When they’re applied properly, false lashes look fabulous. They’re glamorous and chic and make eyes look larger and more bambi-licious. Put them on badly, though, and oh lordy… I’ve never actually seen a spider crawling down someone’s face, but, well, you get the picture.
According to Brenda Ton of Canadian brand ESQIDO False Lashes, there are some surefire ways to get a flawless finish with your glue-on lash strips, whether you want to look natural or vampy.
Brenda says that drugstore varieties will almost always look fake because they’re made from synthetic materials that are much darker than real lashes. She says that human-hair lashes have blunt ends, so they’re also artificial-looking. Mink lashes have a slight curl and tapered ends, so they look more natural, and each set can be used up to 25 times. ESQIDO’s are made from naturally shed mink hairs. That means the animals aren’t shaved or harmed to collect the fur. The minks’ living standards are monitored by Agriculture and Agri-Food Canada.
Individual lashes give you more control of your look whereas strips have a fixed design. On the other hand, they’re more likely to fall off through the day.
Lashes can be used to make your eyes look a different shape – for example, flared out lashes create a lift. If you have asymmetric eyes – one eye is noticeably larger than the other or one is hooded – Brenda suggests balancing with makeup and eyelid tape. Her guide to finding the best lash for your eye shape is here.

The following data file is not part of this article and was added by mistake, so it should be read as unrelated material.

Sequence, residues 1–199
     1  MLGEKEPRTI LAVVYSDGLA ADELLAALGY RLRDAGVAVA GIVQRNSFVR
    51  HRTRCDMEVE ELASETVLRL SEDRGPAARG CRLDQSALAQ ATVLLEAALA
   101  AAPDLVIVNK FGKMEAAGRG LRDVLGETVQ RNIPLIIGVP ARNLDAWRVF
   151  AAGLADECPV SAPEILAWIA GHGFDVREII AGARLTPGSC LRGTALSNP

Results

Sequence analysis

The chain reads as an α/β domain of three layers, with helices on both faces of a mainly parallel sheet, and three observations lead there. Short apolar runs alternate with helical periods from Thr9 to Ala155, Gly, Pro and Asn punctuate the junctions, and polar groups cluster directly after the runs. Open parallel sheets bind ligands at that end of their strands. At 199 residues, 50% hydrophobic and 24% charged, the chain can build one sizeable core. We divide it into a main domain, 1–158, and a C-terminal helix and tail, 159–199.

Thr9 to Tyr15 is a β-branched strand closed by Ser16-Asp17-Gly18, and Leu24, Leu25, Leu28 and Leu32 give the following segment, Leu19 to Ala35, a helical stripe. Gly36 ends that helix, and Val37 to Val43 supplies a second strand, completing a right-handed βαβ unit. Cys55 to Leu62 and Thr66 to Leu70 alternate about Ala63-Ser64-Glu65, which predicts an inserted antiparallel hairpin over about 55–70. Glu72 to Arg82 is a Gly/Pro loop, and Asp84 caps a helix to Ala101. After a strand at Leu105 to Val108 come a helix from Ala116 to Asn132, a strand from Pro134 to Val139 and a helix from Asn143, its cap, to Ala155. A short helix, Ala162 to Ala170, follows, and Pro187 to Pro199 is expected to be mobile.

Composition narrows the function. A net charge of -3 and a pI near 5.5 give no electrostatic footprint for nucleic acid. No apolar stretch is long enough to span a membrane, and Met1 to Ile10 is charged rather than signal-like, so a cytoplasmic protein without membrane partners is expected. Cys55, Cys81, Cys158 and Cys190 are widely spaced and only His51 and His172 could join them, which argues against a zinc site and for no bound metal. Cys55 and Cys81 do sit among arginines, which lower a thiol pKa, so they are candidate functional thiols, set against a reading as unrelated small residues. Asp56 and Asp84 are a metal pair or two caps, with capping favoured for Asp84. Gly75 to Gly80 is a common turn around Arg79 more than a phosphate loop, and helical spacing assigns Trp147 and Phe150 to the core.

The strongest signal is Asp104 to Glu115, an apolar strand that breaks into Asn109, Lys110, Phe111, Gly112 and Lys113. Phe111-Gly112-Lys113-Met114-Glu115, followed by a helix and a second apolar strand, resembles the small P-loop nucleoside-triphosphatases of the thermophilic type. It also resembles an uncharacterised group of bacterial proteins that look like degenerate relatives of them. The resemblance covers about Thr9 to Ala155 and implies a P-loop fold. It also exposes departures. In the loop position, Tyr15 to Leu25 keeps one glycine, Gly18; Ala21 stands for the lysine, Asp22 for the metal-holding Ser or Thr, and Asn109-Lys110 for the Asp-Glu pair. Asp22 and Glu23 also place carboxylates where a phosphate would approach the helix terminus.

First, trim the lash band to fit along your lashline. Rather than squeezing glue directly from the tube to the lash, Brenda recommends putting some onto paper, then ‘painting’ it onto the band with a toothpick so glue doesn’t get everywhere. Wait 30-45 seconds to allow the glue to dry a little. Place a mirror on the table in front of you so you are looking down into it, then use your fingers to place the lashes close to your lashline. Use a tweezer to press the real and false lashes together.
Apply eyeliner to disguise the join between your real and false lashes. Tightlining (lining the skin between the top lashes and the eye) also makes your lashes look fuller.
If you wear contacts or have sensitive eyes/skin and allergies, you can still wear lashes, provided they are hypoallergenic and use cotton bands, not plastic. Glue can cause irritation too. Brenda recommends DUO Lash Glue ($12, at Sephora), which comes in latex and non-latex varieties.
If your lashes start to make a break for it, you can choose between a repair job or removal. For repair, ensure that you have a toothpick and lash glue with you so that you can stick the lash back on. On-the-go removal is only possible if you’ve used a water-soluble glue. Dip a Q-tip in water or makeup remover and gently dab along the lashline till the lash comes away.
Extensions are another option for those with lacklustre lashes. They’re pricey – between $75 and $200 – but last several weeks until your natural lashes fall out. According to Brenda, the lashes can curl in awkward directions depending on how you sleep. Rubbing your eyes is a no-no as it can cause the lashes to come off. You might also need to change your makeup – no waterproof mascara and only gentle cleansing of the eye area.